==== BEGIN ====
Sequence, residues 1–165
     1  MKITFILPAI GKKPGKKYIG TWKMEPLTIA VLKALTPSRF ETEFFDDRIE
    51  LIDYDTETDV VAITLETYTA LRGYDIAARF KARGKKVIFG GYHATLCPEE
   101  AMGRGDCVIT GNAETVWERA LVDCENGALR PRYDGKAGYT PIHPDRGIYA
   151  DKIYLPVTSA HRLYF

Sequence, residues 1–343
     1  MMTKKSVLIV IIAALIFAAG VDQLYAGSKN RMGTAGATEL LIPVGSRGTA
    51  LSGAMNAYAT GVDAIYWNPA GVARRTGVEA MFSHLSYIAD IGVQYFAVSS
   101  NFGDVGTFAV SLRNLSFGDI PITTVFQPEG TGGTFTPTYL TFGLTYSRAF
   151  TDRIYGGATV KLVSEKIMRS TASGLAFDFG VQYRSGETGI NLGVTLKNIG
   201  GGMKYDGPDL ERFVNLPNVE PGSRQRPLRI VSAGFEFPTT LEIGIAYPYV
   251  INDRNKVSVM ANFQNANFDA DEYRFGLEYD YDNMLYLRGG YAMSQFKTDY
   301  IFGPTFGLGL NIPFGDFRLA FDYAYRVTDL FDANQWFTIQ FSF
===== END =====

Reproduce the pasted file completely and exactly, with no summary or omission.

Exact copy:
Sequence, residues 1–165
     1  MKITFILPAI GKKPGKKYIG TWKMEPLTIA VLKALTPSRF ETEFFDDRIE
    51  LIDYDTETDV VAITLETYTA LRGYDIAARF KARGKKVIFG GYHATLCPEE
   101  AMGRGDCVIT GNAETVWERA LVDCENGALR PRYDGKAGYT PIHPDRGIYA
   151  DKIYLPVTSA HRLYF

Sequence, residues 1–343
     1  MMTKKSVLIV IIAALIFAAG VDQLYAGSKN RMGTAGATEL LIPVGSRGTA
    51  LSGAMNAYAT GVDAIYWNPA GVARRTGVEA MFSHLSYIAD IGVQYFAVSS
   101  NFGDVGTFAV SLRNLSFGDI PITTVFQPEG TGGTFTPTYL TFGLTYSRAF
   151  TDRIYGGATV KLVSEKIMRS TASGLAFDFG VQYRSGETGI NLGVTLKNIG
   201  GGMKYDGPDL ERFVNLPNVE PGSRQRPLRI VSAGFEFPTT LEIGIAYPYV
   251  INDRNKVSVM ANFQNANFDA DEYRFGLEYD YDNMLYLRGG YAMSQFKTDY
   301  IFGPTFGLGL NIPFGDFRLA FDYAYRVTDL FDANQWFTIQ FSF